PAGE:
University of Memphis awarded $5.9m mhealth research
August 11, 2020
The University of Memphis has received a $5.9m grant from the National Institutes of Health (NIH) to build a national centre for AI-based mhealth research.
The biomedical technology resource centre (BTRC), called MDot for the mhealth centre for discovery, optimisation and translation of temporally-precise interventions, will be headquartered at the university’s MD2K Center of Excellence.
The multidisciplinary MDot team consists of researchers in artificial intelligence (AI), mobile computing, wearable sensors, privacy and precision medicine from the University of Memphis, Harvard University, Georgia Institute of Technology, Ohio State University, the University of Massachusetts-Amherst, the University of California at Los Angeles and the University of California at San Francisco.
One of the biggest drivers of the USA’s rising health care spending is providing care for patients with chronic diseases, many of which are linked to daily behaviour and exposures such as dietary choices, sedentary behaviour, stress and addiction.
The centre will be a national technology resource for improving people’s health and wellness. It will conduct AI research to produce easily deployable wearables, apps for wearables and smartphones, and a companion cloud system. Its technology will aim to enable patients to initiate and sustain the healthy lifestyle choices necessary to prevent or successfully manage the growing burden of multiple chronic conditions.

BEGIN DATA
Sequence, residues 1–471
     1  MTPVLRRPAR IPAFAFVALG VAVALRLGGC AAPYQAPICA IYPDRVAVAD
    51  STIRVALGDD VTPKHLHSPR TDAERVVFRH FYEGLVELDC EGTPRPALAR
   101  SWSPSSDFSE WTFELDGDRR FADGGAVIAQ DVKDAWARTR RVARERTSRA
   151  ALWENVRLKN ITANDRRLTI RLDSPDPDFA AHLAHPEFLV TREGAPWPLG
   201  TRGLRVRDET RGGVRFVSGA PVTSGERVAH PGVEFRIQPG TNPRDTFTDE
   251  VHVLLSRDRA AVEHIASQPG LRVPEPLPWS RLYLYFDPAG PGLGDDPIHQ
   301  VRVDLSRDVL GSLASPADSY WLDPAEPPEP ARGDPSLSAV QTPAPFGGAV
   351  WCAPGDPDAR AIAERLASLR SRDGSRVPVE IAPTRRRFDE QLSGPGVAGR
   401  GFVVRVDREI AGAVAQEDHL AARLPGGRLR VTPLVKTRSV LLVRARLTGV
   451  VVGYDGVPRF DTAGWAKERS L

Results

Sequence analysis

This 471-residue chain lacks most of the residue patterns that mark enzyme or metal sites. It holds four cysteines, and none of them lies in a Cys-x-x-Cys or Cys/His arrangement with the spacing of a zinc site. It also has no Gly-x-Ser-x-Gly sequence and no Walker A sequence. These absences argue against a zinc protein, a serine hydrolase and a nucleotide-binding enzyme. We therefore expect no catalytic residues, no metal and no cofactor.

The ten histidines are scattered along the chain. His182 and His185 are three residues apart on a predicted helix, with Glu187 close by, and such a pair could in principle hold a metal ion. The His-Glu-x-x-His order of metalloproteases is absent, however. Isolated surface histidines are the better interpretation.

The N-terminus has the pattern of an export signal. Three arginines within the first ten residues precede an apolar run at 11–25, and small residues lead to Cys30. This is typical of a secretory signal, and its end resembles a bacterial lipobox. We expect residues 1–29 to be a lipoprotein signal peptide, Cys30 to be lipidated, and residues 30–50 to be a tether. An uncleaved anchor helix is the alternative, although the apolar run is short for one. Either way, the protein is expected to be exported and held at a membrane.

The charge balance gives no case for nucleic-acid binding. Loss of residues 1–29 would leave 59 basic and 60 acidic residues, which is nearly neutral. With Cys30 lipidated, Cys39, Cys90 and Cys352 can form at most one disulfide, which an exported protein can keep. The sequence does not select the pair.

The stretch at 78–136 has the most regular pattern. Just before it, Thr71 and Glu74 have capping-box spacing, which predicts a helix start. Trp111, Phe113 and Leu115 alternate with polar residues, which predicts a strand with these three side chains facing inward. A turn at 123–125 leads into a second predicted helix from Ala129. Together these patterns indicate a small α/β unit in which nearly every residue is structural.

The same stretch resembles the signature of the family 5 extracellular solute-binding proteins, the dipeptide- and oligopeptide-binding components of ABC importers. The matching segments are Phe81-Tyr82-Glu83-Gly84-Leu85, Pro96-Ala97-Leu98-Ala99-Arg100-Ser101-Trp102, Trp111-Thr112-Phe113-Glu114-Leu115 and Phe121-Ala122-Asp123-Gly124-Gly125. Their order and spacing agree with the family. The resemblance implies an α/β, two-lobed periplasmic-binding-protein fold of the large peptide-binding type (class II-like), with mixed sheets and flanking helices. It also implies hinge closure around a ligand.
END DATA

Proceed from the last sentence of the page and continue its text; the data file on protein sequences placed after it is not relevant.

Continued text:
“Researchers and industry innovators can leverage MDot’s technological resources to create the next generation of mhealth technology that is highly personalised to each user, transforming people’s health and wellness,” said Santosh Kumar, lead investigator of MDot and director of MD2K Center of Excellence.
To ensure MDot’s technology can be used by scientists to solve real-world problems, it will be working closely with more than a dozen other federally funded projects to engage in joint technology development, testing and large-scale real-life deployment. To fuel mhealth technology innovation in the industry, it will establish an industry consortium to provide access to its latest research and seek feedback to inform its research.
“This latest award not only appropriately recognises the expertise and impact of Dr Kumar and his team, the importance of their life-changing work, but also the remarkable progress of the University of Memphis as a national research university,” said UofM president David Rudd.
The centre will be administered by the National Institute of Biomedical Imaging & Bioengineering (NIBIB).
“The MDot centre will be the first BTRC focused on developing innovative mhealth technologies,” said MDot’s programme officer Tiffani Lash, director of the NIBIB programme in connected health. “It is positioned to empower scientists to discover, personalise and deliver temporally precise mhealth interventions and treatments, ensuring that health and wellness tools are delivered at the right moment, via the right personal device and is optimised to have the most influence.”
The MD2K Center of Excellence for mobile sensor data-to-knowledge, headquartered in the FedEx Institute of Technology at the University of Memphis, was established in 2014 by a grant from NIH under its big-data-to-knowledge (BD2K) initiative. It has developed mobile sensor big data technologies to improve health and wellness. MD2K’s open-source software platforms for smartphones and the cloud are used across the nation to conduct scientific studies.